With around 240 million users in the US alone, advertisers know that Facebook offers them a massive potential audience. But the social network has been accused of inflating the figures when it comes to how many people see video ads on its platform.

A Pivotal Research Group analyst said Facebook Ad Manager's claim that it can potentially reach 41 million 18- to -24-year olds and 60 million 25- to -34-year olds is inaccurate. The reason? The United States doesn't have that many people in those age brackets.

US Census data shows there were 31 million people between the ages of 18 and 24 last year, ten million fewer than what Facebook claims it can reach, while the 25-34 age group consisted of 45 million people, a difference of 15 million compared to Facebook's numbers.

Pivotal Research Group's Brian Wieser wrote that while Facebook's "measurement issues" are unlikely to deter its advertisers, they will go some way toward justifying the existing budgets of traditional TV ad space sellers and could hinder Facebook's growth in video ad sales.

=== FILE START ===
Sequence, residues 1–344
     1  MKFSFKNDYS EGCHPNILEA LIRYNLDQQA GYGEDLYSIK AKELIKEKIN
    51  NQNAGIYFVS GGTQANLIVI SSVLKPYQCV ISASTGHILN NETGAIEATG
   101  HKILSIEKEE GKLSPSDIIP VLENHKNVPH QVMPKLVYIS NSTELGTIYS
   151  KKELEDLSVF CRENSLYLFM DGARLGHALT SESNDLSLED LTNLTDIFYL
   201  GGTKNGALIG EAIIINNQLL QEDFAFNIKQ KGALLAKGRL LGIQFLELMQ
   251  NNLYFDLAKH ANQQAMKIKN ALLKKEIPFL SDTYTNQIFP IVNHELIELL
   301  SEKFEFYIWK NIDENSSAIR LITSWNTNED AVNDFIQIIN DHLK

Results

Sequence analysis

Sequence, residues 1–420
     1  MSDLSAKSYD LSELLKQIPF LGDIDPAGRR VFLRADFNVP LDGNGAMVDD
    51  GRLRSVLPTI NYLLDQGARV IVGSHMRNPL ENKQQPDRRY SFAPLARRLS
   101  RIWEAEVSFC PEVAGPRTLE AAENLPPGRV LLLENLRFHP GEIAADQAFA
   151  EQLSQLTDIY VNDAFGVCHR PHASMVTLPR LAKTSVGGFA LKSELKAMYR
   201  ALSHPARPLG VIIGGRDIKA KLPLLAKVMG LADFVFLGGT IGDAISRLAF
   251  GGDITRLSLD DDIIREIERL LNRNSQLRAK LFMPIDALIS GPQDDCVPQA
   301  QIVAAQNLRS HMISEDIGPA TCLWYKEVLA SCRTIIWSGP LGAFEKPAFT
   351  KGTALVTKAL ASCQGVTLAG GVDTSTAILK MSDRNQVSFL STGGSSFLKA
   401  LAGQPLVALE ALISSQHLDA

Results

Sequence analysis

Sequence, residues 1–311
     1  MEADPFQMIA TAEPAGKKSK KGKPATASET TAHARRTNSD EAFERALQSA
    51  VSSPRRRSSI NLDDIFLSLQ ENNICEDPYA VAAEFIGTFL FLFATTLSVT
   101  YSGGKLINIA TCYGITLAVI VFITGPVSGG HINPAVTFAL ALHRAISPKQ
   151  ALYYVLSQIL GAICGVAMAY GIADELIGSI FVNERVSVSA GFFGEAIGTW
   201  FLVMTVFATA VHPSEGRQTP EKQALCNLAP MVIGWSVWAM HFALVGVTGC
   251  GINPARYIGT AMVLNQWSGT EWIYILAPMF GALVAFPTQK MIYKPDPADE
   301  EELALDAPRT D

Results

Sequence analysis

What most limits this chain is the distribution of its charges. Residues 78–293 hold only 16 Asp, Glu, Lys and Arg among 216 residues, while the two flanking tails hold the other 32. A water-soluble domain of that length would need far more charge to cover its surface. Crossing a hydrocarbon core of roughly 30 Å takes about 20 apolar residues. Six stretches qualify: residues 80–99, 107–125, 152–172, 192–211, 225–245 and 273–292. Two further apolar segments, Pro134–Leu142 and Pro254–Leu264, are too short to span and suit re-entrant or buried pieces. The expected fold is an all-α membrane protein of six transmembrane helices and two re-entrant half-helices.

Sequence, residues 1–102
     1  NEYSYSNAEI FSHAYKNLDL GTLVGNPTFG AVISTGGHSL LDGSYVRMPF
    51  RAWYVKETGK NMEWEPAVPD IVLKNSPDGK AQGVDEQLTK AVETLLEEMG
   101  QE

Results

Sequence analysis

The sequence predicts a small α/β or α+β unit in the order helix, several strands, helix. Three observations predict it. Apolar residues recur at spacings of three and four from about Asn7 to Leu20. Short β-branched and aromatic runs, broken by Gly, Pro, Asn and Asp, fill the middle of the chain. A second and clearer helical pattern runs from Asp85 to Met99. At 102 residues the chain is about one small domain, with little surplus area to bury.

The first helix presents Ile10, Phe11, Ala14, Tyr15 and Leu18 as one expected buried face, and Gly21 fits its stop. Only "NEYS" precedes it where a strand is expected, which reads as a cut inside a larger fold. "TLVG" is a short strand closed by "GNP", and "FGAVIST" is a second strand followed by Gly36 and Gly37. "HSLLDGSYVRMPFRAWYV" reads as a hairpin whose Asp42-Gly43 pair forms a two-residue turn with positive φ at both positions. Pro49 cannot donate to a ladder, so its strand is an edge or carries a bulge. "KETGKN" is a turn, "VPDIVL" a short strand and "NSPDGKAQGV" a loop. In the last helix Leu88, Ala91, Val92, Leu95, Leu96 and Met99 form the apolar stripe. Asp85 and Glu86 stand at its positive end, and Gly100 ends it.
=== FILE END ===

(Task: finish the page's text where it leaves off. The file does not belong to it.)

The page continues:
Defending the figures, Facebook said: "they [reach estimates] are designed to estimate how many people in a given area are eligible to see an ad a business might run. They are not designed to match population or census estimates." It added that estimations are based on factors such as user behavior, user demographics and location data from devices.

Facebook has been called out for its ad measurement data in the past. Last September, it was reported that the company spent two years exaggerating the length of time users watched video ads. Because it was only counting videos that were watched for at least three seconds, Facebook was overestimated average viewing times by between 60% and 80%.

"Measurement issues at Facebook have been top-of-mind [...] over the past year given revelations around over-stated average video viewing time, video viewing completions, miscalculations of organic page reach and other data which impacts how budgets are planned," states the Pivotal report.